<p><em><strong>Photo of 2013 Dodge Journey courtesy of Chrysler.</strong></em></p>

The so-called "Great Recession" at the dawn of the 21st century saw fleets of all types take steps to become more efficient by tightening their proverbial belts.

To leverage the booming resale market, some fleets shortcycled their vehicles to get maximum dollars at auction. Others, such as Charlotte, N.C.-headquartered National Gypsum Company, a producer of gypsum wallboard, took to extending vehicle lifecycling.

During the height of the recession in 2009, which consequently caused a slowdown in the construction industry, National Gypsum increased its mileage threshold from 80,000 miles to 100,000 miles for its fleet.

"Management asked us to come up with some cost-saving options, so we recommended increasing our vehicle lifecyles to 100,000 miles because, at that time, the Kelley Blue Book difference between 80,000 and 100,000 miles on SUVs and pickup trucks was not earth shattering, and we felt the vehicles out there were being built to last longer," explained Don Woloszynek, sales service manager for National Gypsum Company.

Establishing a PM Track Record

With a nearly five-year track record extending its vehicle lifecycles, Woloszynek said the key to successfully implementing the increased lifecycles has been having a strong preventive maintenance (PM) program, which is managed by the fleet's current fleet management company, EMKAY.

"Even with our previous vendor, our PM systems are and were very successful," Woloszynek noted. "We have instructed our fleet providers that all tire purchases must be approved by the fleet department. During our quarterly reviews, our current leasing company runs a comparison on average industry expenses vs. the National Gypsum Company's expenses. The results have always come out better than the industry as far as spending less, and we do so while still maintaining a well-run fleet of vehicles."

The National Gypsum fleet consists of 82 SUVs, which are used by National Gypsum Company's sales force (both reps and managers) and 100 pickups — ½, ¾, and 1-ton models — used at the company's production plants, which are sited near major metropolitan areas.

Only the sales vehicles and the plant manager vehicles saw their lifecycles extended, according to Woloszynek, who has been with National Gypsum for 46 years, with more than 20 of those years running the company's fleet.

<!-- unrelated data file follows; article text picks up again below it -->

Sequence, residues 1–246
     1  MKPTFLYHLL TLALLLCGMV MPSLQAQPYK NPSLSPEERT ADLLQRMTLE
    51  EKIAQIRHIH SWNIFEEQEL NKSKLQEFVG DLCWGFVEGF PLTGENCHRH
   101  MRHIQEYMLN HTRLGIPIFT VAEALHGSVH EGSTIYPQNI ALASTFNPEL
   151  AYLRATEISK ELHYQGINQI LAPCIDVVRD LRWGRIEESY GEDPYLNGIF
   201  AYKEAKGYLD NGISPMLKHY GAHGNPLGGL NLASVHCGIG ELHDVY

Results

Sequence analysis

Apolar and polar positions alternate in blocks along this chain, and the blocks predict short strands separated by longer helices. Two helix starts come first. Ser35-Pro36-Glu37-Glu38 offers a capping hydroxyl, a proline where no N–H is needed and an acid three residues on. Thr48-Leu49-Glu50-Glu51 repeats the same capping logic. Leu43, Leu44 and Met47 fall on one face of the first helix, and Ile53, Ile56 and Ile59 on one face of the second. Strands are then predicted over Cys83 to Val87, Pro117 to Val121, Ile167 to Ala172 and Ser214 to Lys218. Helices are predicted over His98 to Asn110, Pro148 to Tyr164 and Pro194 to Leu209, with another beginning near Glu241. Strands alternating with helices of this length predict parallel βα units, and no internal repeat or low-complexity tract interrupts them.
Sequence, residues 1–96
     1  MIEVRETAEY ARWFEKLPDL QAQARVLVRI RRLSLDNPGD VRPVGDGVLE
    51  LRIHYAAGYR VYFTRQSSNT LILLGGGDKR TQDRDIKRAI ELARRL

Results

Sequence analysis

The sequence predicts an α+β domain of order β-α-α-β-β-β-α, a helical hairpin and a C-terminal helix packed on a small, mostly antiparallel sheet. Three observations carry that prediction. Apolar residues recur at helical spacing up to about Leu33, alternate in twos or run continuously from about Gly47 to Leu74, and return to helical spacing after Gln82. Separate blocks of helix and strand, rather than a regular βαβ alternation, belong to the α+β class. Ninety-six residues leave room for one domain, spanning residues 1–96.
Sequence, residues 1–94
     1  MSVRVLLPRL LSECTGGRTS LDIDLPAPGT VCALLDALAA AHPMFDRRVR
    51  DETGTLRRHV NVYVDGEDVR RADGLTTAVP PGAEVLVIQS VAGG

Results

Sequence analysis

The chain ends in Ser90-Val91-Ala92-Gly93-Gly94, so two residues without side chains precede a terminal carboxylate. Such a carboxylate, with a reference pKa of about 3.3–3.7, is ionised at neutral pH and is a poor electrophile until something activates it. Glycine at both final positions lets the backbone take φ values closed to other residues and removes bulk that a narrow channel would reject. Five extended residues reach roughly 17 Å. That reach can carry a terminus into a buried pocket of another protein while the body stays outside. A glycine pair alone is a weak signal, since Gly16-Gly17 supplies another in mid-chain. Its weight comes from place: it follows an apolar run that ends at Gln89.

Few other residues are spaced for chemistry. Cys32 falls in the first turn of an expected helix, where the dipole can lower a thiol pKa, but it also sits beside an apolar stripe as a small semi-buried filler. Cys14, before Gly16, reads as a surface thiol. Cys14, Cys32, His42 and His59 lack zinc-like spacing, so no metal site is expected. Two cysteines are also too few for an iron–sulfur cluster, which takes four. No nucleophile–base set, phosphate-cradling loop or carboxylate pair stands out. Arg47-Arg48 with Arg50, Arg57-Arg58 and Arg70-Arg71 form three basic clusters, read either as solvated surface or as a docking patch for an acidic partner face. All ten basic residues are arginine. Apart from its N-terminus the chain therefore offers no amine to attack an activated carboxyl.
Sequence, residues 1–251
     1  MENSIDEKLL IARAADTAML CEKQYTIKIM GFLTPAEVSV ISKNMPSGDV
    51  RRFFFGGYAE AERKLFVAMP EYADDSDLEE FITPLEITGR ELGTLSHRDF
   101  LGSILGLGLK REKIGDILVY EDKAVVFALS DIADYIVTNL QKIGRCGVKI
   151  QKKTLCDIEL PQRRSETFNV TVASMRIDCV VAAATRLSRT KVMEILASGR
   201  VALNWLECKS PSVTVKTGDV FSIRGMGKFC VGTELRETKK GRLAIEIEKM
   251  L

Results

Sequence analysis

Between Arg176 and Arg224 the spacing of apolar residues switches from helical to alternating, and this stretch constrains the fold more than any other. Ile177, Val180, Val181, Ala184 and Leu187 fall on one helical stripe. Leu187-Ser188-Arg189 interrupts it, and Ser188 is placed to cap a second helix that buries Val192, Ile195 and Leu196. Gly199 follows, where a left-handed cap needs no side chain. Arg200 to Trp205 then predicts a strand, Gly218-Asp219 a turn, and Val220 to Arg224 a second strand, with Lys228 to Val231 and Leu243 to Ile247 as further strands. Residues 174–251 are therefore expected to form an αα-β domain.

The National Gypsum fleet has been using EMKAY as its FMC for the past two years. In addition to the resources Woloszynek gets from EMKAY, he is assisted in his day-to-day running of the fleet by Rose Gunnerson, National Gypsum's fleet administrator.

"Having her with me makes the job a piece of cake," Woloszynek said. 

<p><em><strong>Photo of 2013 Edge courtesy of Ford.</strong></em></p>

Looking at the Future of Residuals

While increasing the lifecycle of most of the company's fleet assets has been a boon for the company's bottom line, Woloszynek admitted that he had considered going the shortcycling route during the darkest days of the recession.

"Initially, we considered shortcycling, and our fleet provider at the time encouraged us at that time to weigh the options," Woloszynek said. "But, during the recession, our main concern was to save the company as much money as we could. We thought increasing the vehicles' lifecycle would be the best way."

However, that could change due to the softening of the residual market.

"With the residual market looking light this year and all signs pointing to a downward trend in vehicle prices, we are looking into the possibility of going back to a 75,000-mile replacement benchmark in lieu of the current 100,000 miles. Time will tell," Woloszynek said.

No matter what the future will bring, Woloszynek has shown that, with the proper PM program, a fleet can greatly and effectively increase a vehicle's lifecycle.

"With the proper PM program, we realized that we can keep the vehicles running longer, with no major repairs," Woloszynek said. "The only consistent expense that we saw is adding an additional set of tires to carry us to the 100,000-mile marker. In most cases, we still realized a profit on the SUVs upon resale and continue to do so today."

If Woloszynek had to give other fleet managers considering extending their vehicle lifecycles a piece of advice it'd be: "It's a fundamentally sound way to save on your company's fleet expense. But, you need a disciplined maintenance program and you need to enforce it."

About the author
Chris Wolski

Chris Wolski

Former Managing Editor

Chris Wolski is the former managing editor of Automotive Fleet, Fleet Financials, and Green Fleet.

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